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This was originally posted in July but, with Theresa May harping on about low unemployment in Prime Minister’s Questions today (September 13), a repost seems in order:

So much for the Tory slogan that “work is the best way out of poverty”.

The UK jobless rate has fallen to 4.5 per cent of the workforce. According to definitions used in the USA and France (and elsewhere, probably) that means we have full employment and people should be able to demand higher wages or walk out and get another job.

In practice, we know that doesn’t happen. Most of the jobs are extremely low-paying, or zero-hours work, and we have no fewer than six million people who do not pay taxes because they simply don’t earn enough.

And with inflation at a recent-years high of 2.9 per cent, we know that average pay isn’t even rising to compensate for the increase in prices.

So what does the low unemployment rate mean?

It means a huge rise in profits for rich employers who dictate pay rates.

They have been able to use ‘austerity’ to threaten British workers for the last seven years, and now they have the opportunity to say economic instability caused by Brexit means they cannot afford to put up people’s pay. They have the credit ratings agency Moody’s to back them up.

Luminaries like Professor Simon Wren-Lewis of the Mainly Macro blog have said that the prime duty of UK economic policy at the moment should be raising interest rates, as this will lessen the risk of economic shocks like that which we’re told Brexit threatens.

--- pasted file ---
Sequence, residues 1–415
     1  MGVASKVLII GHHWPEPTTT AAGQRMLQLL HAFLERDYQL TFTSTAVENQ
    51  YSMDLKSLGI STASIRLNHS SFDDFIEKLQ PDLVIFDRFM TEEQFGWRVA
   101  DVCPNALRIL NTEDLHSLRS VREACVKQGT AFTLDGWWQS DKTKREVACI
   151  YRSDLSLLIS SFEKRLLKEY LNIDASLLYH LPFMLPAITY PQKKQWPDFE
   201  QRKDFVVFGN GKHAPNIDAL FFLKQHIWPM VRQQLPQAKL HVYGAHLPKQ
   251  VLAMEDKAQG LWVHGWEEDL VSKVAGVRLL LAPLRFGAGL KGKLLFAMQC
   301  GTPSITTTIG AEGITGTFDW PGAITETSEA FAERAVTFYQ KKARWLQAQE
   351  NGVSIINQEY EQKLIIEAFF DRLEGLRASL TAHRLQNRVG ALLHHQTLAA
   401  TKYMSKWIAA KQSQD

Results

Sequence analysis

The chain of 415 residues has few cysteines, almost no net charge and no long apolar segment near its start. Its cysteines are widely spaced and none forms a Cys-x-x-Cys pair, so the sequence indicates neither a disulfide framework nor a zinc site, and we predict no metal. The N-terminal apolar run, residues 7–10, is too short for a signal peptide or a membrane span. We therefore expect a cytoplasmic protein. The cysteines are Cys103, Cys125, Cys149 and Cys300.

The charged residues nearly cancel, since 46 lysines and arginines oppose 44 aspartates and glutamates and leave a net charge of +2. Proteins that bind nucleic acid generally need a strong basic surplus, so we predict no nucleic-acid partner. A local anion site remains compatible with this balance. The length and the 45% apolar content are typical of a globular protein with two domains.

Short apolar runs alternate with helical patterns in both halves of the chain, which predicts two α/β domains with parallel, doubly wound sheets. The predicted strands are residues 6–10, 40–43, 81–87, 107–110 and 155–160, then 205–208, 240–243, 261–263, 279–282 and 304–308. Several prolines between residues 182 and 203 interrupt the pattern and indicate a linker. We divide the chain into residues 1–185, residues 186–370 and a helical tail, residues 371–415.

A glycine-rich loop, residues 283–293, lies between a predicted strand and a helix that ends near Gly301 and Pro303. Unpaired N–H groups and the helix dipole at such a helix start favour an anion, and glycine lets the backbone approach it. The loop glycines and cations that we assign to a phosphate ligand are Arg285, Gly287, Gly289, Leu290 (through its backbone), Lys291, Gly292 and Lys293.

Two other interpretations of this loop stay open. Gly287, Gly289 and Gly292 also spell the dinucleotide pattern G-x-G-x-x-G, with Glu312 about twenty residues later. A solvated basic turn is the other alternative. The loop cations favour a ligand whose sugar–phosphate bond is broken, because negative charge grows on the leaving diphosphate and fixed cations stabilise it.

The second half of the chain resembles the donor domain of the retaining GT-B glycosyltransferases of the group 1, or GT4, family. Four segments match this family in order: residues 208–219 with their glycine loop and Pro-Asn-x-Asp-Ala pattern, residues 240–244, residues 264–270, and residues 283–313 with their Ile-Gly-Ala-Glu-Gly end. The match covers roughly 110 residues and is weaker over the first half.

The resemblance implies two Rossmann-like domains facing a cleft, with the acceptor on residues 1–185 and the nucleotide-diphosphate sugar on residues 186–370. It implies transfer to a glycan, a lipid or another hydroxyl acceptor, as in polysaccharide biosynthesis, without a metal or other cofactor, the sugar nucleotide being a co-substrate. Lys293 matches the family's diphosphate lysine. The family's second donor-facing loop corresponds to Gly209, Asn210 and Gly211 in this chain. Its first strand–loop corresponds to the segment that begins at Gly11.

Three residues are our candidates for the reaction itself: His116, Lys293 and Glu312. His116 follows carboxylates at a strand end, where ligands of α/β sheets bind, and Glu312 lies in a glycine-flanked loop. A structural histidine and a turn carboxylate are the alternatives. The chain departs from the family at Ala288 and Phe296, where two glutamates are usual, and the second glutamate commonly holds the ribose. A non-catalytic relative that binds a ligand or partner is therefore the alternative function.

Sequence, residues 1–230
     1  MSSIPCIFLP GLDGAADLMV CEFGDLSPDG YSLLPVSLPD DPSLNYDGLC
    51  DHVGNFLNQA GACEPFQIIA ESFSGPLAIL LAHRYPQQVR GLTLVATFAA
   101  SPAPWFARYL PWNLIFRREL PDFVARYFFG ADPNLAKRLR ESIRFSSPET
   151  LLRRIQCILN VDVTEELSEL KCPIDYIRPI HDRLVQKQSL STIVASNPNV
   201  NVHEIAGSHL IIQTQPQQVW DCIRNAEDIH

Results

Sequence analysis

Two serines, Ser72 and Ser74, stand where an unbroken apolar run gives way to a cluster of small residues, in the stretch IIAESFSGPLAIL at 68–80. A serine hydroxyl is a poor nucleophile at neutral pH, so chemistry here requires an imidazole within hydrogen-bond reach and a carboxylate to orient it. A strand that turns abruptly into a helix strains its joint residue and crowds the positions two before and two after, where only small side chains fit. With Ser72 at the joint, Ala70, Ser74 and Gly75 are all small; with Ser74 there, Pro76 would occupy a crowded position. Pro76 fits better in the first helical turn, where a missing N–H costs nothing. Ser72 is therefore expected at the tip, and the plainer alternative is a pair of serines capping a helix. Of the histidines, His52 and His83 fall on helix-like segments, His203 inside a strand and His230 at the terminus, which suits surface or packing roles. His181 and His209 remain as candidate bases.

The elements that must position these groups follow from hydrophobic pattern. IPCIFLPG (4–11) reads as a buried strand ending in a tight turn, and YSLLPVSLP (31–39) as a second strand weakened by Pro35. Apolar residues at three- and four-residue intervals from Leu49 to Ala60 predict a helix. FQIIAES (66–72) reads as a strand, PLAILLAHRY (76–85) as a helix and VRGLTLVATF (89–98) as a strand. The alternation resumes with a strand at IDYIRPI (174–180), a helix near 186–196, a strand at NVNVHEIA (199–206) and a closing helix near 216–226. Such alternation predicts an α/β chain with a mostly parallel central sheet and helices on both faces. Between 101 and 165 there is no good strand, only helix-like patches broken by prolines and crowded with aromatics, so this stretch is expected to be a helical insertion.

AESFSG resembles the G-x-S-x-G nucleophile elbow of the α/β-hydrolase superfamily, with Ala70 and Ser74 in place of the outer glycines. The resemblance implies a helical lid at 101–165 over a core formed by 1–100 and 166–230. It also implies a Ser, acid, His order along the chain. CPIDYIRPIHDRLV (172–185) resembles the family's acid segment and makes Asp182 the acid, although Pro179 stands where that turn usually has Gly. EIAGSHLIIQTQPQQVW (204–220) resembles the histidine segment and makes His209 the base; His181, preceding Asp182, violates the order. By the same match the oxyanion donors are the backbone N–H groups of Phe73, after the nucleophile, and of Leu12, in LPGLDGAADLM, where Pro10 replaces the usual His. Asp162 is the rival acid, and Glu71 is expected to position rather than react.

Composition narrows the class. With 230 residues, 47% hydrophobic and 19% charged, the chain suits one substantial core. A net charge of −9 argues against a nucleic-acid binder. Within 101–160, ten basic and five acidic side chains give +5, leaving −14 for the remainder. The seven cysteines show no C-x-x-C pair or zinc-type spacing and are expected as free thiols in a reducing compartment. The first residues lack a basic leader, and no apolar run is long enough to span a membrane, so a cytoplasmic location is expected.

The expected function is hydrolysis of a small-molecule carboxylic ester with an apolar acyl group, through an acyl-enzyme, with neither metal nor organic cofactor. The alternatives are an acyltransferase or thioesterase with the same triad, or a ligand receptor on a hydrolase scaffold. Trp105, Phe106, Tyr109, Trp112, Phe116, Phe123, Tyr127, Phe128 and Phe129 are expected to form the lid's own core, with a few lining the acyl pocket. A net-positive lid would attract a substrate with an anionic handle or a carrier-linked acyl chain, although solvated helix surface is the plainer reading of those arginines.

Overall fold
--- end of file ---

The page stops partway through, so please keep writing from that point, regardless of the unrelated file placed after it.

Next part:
But Tory austerity has ensured that interest rates stay low. The reason?

To ensure that pay is kept artificially low.

It also reveals another telling fact:

The Conservatives are happy to keep the UK economy weak, in order to impoverish the working population.

The trouble is, this doesn’t even make economic sense for employers!

With less money available to working people, there is less for them to spend. This means demand for products will drop and the economy will weaken further.

The Tories are happy for this to continue, at least for the foreseeable future, because they are focusing on short-term profits for their friends and party donors.

Ben Brettell, a senior economist at Hargreaves Lansdown (whoever they are), has said it seems workers don’t have the bargaining power they once had – which suggests a surprising ignorance of politics since the rise of Thatcher.

Neoliberal economic policy – as followed by Thatcher, Major, Blair, Brown, Cameron and May – has made a priority of depriving workers of any bargaining power. They are now entirely at the mercy of employers and government policy.

So, if another crash happens – as seems inevitable under current Tory-fuelled conditions – it won’t be the fault of the workers.

That will be scant comfort when the Tories penalise us all for it, as they did from 2010 onwards.

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